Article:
Sophomore Renee Butler now studies neuroscience at Ursinus
On September 18, 2008, Renee Butler, a current sophomore at Ursinus, underwent a serious brain surgery that changed the course of her life forever.
Butler was born with tangled arteries in her brain that resulted in missing capillaries. This led to a buildup of blood pressure. The pain worsened by age nine and, eventually, she went to the ER where she waited for four hours to be tested.
“I’m not mad or upset it happened. I wouldn’t be who I am today if it didn’t. My surgery and experience in the hospital influenced my life in so many positive aspects.” —Renee Butler Class of 2021
Butler was hospitalized for a week, as doctors ran MRI and CAT scans. The doctors concluded that she had had tangled arteries since birth that needed to be surgically removed. In addition, they stated that she was bleeding in all four quadrants of her brain, which caused the massive pain. The last scan test they ran on Butler was to be her surgical procedure. Butler, however, did not know all this information until after her surgery.
How could she not know if she was there? The doctors put her under anesthesia during her operation. When she awoke from her surgery, the left side of her body was immovable (because the tangled arteries caused bleeding in the veins, it led to a stroke).
After the surgery, Butler said, “I was still in pain. I remember feeling defeated when I tried to move my body, and even more the first time I tried to walk again. But I wasn’t scared…I had my mom and a support staff from CHOP who all made me feel safe. It’s truly a test of your strength [and] biggest lesson of never giving up…continuing
to try and push through even when results aren’t being seen right away.” CHOP stands for Children’s Hospital of Philadelphia, where Butler relocated for her rehab therapy. Her therapy, The Seashore Rehab House, is a department within CHOP.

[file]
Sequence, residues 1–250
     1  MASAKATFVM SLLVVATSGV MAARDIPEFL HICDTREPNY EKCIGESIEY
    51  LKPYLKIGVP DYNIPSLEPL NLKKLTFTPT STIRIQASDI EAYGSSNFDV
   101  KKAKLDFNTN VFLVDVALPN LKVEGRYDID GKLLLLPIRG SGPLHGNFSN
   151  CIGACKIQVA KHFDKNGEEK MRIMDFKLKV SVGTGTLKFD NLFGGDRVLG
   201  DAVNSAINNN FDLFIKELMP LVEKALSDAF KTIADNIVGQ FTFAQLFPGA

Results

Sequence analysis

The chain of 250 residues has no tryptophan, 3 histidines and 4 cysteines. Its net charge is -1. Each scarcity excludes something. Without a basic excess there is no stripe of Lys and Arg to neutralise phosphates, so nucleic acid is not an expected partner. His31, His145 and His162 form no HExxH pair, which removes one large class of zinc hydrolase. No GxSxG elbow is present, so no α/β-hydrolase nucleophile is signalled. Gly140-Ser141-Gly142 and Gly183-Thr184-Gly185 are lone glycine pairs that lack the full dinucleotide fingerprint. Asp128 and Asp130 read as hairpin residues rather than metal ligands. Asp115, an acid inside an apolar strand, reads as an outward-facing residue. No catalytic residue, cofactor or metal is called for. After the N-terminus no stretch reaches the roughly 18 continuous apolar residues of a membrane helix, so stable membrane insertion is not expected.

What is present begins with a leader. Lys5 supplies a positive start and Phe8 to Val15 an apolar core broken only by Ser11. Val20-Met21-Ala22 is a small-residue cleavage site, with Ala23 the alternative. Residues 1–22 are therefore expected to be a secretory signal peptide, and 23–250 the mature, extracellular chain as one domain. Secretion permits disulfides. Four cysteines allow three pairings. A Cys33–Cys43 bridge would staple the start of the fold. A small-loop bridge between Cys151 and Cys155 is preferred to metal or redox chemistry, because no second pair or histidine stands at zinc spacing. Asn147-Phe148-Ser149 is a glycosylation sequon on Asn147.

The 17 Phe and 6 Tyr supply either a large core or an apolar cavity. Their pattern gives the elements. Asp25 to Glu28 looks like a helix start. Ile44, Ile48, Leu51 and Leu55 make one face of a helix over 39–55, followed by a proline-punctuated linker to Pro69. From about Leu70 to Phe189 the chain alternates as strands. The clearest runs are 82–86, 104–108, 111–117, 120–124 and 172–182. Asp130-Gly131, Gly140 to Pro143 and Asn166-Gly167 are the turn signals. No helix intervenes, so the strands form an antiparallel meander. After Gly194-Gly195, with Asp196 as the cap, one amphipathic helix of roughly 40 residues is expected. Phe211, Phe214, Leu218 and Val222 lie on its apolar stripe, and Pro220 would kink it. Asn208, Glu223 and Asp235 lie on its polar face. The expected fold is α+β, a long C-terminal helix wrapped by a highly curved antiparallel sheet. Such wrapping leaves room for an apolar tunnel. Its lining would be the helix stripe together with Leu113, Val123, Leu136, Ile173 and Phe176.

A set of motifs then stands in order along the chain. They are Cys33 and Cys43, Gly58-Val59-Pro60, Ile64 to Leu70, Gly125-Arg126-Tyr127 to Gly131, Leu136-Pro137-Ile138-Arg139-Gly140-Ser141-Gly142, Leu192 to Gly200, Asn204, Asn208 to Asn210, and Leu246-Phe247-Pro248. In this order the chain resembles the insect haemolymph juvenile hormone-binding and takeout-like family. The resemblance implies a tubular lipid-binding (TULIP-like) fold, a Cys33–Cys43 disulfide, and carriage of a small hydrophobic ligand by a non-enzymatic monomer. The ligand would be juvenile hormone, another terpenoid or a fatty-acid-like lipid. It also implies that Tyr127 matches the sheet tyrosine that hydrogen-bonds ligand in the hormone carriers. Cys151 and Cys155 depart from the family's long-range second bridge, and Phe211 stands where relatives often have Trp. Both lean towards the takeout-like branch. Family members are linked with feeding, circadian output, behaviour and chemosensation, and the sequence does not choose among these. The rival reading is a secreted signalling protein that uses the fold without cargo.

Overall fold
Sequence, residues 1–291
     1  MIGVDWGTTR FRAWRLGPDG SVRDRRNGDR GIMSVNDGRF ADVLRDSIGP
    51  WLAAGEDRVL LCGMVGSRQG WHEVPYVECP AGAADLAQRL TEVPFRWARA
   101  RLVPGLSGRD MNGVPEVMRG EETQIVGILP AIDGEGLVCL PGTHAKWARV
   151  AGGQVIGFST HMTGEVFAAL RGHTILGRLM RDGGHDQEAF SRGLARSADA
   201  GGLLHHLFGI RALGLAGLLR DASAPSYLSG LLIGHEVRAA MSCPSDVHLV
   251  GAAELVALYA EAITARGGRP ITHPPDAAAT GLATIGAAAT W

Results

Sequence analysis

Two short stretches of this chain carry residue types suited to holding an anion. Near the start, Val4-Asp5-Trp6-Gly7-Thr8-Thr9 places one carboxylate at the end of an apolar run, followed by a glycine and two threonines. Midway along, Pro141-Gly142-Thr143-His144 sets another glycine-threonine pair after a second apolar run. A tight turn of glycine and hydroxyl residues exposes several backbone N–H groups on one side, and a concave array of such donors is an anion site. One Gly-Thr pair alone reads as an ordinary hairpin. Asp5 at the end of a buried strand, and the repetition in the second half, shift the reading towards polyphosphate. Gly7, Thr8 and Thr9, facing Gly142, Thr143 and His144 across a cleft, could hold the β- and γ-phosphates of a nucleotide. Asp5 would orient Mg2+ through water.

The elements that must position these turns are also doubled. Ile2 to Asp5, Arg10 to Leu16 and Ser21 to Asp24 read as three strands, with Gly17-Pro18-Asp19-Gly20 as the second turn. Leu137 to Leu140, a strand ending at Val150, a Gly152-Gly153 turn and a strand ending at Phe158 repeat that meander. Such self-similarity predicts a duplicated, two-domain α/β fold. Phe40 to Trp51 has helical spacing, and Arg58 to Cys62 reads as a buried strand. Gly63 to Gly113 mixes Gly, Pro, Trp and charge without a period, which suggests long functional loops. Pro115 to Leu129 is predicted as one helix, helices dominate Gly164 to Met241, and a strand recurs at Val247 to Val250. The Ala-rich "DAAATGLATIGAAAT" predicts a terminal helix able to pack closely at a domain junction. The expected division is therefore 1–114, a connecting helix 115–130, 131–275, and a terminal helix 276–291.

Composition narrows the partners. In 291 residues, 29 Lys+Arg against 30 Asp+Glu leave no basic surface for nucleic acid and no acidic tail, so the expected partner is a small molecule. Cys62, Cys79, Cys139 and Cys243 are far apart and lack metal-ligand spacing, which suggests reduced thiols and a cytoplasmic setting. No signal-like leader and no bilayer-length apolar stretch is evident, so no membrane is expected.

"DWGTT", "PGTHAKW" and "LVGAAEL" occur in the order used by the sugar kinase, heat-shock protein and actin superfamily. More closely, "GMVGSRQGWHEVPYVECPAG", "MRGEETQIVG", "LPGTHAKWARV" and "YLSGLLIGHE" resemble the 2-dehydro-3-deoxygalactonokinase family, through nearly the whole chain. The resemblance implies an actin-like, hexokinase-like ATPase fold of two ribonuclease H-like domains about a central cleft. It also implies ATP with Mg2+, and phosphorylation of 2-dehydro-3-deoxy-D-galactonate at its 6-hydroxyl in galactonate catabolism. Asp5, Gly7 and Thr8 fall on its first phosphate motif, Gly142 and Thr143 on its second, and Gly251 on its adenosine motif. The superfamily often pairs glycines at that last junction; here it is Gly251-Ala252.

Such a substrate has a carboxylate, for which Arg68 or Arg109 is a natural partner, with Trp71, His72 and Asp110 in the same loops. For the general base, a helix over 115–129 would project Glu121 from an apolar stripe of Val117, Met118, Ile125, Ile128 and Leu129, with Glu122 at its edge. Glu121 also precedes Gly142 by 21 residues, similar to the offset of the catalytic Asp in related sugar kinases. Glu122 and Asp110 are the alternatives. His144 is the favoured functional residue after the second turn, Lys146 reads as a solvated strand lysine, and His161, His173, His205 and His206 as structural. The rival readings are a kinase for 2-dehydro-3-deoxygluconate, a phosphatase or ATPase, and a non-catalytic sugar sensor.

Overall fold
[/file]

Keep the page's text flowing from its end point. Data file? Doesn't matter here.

Butler lived in The Seashore Rehab House for five and a half weeks to undergo extensive therapy. She was not allowed to be dismissed until she could walk unassisted. Eventually, she did so and was discharged on October 21, 2008. Yet, she continued her therapy for another year, so that her full motion would return.
“I was still in pain. I remember feeling defeated when I tried to move my body, and even more the first time I tried to walk again. But I wasn’t scared…I had my mom and a support staff from CHOP who made me feel safe.” —Renee Butler Class of 2021
Today, Butler is a striving college student majoring in neuroscience. Within this field of study, she plans to one day con- duct research on pediatric brain trauma — on kids who have gone through an experience similar to her own. Her story was even picked up by the local Fox affiliate.
With 98% of her movement back, Butler is moving forward and stays inspired. Her traumatic experience at such a young age has not stopped her from seeing the good in life.
“I’m not mad or upset it happened,” she states, “I wouldn’t be who I am today if it didn’t. My surgery and experience in the hospital influenced my life in so many positive aspects. The biggest thing for people to remember is that kids can have strokes too. I hope to inspire kids in similar situations to never give up and keep reaching for their goals.”
Great things are yet to come for Renee Butler as she continues to be an inspiration for many just like her.